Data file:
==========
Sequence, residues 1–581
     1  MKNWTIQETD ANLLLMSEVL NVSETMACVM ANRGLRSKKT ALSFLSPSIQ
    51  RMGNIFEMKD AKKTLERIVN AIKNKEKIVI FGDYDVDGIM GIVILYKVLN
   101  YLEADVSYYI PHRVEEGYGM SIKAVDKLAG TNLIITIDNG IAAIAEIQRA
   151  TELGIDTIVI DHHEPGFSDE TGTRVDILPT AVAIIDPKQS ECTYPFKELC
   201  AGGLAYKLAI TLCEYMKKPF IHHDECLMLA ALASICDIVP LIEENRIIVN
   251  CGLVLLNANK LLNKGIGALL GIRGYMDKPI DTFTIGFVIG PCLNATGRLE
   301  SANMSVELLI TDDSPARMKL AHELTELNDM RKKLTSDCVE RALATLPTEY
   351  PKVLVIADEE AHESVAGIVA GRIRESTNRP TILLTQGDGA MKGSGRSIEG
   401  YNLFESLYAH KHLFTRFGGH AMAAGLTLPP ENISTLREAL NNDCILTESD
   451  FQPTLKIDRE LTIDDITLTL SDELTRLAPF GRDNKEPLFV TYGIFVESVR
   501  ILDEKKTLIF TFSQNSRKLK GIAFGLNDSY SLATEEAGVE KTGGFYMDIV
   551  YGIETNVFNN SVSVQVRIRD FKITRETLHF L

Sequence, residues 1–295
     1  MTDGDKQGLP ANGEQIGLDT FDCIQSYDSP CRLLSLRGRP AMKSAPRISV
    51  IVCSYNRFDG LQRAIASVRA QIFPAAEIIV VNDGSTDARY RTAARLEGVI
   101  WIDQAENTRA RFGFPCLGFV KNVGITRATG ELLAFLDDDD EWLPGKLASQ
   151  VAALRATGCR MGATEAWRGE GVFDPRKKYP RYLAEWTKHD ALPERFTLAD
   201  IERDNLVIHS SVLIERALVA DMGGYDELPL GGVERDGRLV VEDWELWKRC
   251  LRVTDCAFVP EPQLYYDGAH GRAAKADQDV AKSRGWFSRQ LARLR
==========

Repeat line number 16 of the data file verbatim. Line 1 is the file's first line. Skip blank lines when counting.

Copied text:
    51  IVCSYNRFDG LQRAIASVRA QIFPAAEIIV VNDGSTDARY RTAARLEGVI